Mountain climbing can be challenging, refreshing, exhilarating . . . and put you at risk for altitude sickness. But a modicum of education before ascent can minimize the chance of illness, as well as odds that the condition will turn serious.
Also called mountain sickness, altitude sickness strikes not only mountain climbers but also hikers and skiers who ascend too rapidly. Symptoms do not usually occur below 7,000 feet, said Dr. Ray Sahelian, director of the travel medicine program at Centinela Hospital Airport Medical Clinic. More commonly, it does not become a problem until altitudes of 8,000 to 10,000 feet, SAHELIAN AND OTHER? experts say.
Mountain sickness occurs because of reduced atmospheric pressure--and thus reduced oxygen--at high altitudes. As the oxygen level in your blood declines, other blood chemistry changes occur. If it progresses to severe stages, the illness can be life threatening.
One danger is that many travelers dismiss the usual first symptoms--dizziness, headache, drowsiness, fatigue, nausea and vomiting--as the result of food that didn't agree with them. "Usually it comes on over a period of hours," said Dr. Victor Kovner, a Studio City internist with an interest in travel medicine.
Some experience it as a "hangover type feeling," Kovner said. Other symptoms include facial pallor, shortness of breath and blueness of the skin, Sahelian said. In later stages, there can be facial flushing, irritability, difficulty in concentrating, ringing in the ears and visual disturbances. Loss of appetite, insomnia, heart palpitations and a rapid heart rate are also common.
As soon as symptoms occur, experts recommend descending. "Usually descent helps," Sahelian said. "If you get better (with descent) you probably do not need medical help." Some experts recommend descending to the last altitude at which no symptoms occurred. But if symptoms do not subside, medical help should be promptly sought.
Mountain sickness can become more serious if fluid begins to collect in the lungs (pulmonary edema). In this stage, symptoms can include wheezing, vomiting of blood or persistent coughing, Sahelian said. Immediate evacuation to a hospital is vital if mountain sickness reaches this stage.
Altitude sickness can strike anyone, but certain people are more prone. "People who exercise regularly will have an easier time acclimating to altitude than sedentary people," Sahelian said. "Fit people have a better lung capacity, won't tire as easily and might be more efficient in their use of oxygen."
"People with blood disease, such as sickle cell anemia, will have a rougher time adjusting to high altitudes," Sahelian added, as will anyone with heart and lung problems or with chronic diseases, such as diabetes, that are not under control.
The key to prevention, Sahelian and Kovner agree, is to acclimate yourself. For the first day after you arrive at a high altitude destination, exercise only moderately. "Avoid strenuous exercise and being totally sedentary," Sahelian said.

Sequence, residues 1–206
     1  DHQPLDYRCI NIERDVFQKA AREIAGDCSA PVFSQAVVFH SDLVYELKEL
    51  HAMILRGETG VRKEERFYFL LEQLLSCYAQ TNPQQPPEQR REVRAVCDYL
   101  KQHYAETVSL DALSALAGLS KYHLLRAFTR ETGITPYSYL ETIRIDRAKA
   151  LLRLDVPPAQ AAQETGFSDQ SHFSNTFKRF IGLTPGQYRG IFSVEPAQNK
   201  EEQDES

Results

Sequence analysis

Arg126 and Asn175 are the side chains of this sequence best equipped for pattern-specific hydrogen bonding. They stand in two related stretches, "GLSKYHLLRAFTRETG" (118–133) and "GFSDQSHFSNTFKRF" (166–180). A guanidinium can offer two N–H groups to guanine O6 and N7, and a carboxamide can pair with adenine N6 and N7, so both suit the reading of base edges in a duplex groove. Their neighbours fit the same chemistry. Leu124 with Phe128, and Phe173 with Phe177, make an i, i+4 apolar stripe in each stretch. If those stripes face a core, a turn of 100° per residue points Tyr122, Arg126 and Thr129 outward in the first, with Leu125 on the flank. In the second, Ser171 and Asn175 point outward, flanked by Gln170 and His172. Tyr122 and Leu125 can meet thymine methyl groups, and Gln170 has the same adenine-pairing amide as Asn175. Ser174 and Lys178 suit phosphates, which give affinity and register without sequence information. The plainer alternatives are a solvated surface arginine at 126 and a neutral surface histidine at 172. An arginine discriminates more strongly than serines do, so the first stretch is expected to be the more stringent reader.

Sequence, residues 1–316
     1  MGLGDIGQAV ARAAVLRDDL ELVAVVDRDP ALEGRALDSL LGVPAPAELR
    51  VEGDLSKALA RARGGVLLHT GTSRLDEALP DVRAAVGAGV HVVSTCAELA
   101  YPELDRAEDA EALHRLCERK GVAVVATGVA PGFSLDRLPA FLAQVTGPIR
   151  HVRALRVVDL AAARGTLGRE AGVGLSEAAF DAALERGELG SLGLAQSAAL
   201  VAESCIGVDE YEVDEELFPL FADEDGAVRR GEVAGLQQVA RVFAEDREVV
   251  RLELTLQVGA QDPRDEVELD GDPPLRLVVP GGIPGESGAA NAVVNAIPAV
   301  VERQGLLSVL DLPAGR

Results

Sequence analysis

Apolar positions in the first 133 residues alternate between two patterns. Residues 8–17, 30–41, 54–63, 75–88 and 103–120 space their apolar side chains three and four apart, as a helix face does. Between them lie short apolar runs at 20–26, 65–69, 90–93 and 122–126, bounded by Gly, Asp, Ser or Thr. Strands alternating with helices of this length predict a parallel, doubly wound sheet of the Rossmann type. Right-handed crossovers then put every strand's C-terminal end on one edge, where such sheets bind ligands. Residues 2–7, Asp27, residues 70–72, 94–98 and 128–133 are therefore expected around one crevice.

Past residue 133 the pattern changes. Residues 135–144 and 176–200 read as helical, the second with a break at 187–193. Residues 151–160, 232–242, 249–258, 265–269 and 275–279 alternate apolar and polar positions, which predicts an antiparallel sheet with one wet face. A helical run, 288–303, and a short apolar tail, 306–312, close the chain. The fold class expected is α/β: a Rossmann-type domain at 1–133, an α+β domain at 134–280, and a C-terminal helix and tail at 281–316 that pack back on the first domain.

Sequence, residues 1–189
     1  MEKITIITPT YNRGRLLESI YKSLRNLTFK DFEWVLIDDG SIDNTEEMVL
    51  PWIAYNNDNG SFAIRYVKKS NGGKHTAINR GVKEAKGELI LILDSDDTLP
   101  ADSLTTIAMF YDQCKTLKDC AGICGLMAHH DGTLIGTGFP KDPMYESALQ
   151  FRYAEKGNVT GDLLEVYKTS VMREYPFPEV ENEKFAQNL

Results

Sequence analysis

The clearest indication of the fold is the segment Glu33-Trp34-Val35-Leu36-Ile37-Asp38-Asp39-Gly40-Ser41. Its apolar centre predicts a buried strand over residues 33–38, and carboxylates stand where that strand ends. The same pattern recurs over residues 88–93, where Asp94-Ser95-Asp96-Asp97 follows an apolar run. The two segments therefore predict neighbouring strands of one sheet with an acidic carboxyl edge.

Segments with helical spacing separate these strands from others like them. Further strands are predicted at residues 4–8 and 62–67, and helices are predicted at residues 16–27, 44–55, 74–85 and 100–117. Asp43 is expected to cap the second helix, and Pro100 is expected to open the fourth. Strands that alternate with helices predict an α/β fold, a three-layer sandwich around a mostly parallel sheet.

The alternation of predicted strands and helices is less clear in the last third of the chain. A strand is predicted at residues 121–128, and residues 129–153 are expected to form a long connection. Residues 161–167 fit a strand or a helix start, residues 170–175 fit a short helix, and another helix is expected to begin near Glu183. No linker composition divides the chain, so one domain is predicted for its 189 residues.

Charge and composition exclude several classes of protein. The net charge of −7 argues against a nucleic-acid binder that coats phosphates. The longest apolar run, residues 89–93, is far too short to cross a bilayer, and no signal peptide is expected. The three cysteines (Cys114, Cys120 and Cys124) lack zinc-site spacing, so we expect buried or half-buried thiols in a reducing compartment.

Keith Haberl of the Alpine Club of Canada, which organized tours in the Canadian Rockies, agrees. After guests' arrive, he tells them to spend time sightseeing around town or going on casual hikes before ascending. "If you don't take it slow, you're going to be wheezing," he tells climbers.
Once acclimated, complete the climb gradually. If the goal is to climb a 15,000-foot mountain, Sahelian advises climbing no more than 1,000 feet a day.
Some doctors prescribe Diamox (acetazolamide) as a preventive against mountain sickness, especially for climbs above 13,000 feet. It works by helping to restore the sodium-potassium balance in the blood vessels that is impaired by low oxygen levels. People on the regimen usually begin taking the drug before the trip, Sahelian said. But those who take this preventive course of drugs shouldn't get a false sense of security. Although it has a 75% success rate, some bodies will not respond to treatment.
Also sometimes used to treat climbers who develop altitude sickness is Dexamethasone, a potent anti-inflammatory drug. But it is controversial, with some doctors saying it should be used only in emergencies.
Other measures to reduce the risk of mountain sickness:
* Consider whether your health is good enough for mountain climbing or whether you should tailor your climbing plan to health conditions. "Pregnant women should not climb above 12,000 or 13,000 feet," Kovner said. And perhaps not above 10,000, Sahelian suggested.
* Diabetics whose illness is not well-controlled should probably forgo mountain climbing. People with high blood pressure should only climb if their condition is well-controlled. Children under 3 also are at risk, Kovner said, because they aren't yet capable of verbalizing their symptoms.
* When scheduling a period for acclimation, take into consideration the difference between home and destination altitudes. The amount of time it takes for a body to adjust will vary, depending not just upon the body but upon the amount of altitude it has to adjust for.
"People who live in Los Angeles will have a tougher time mountain climbing than people who live in Denver," Sahelian said.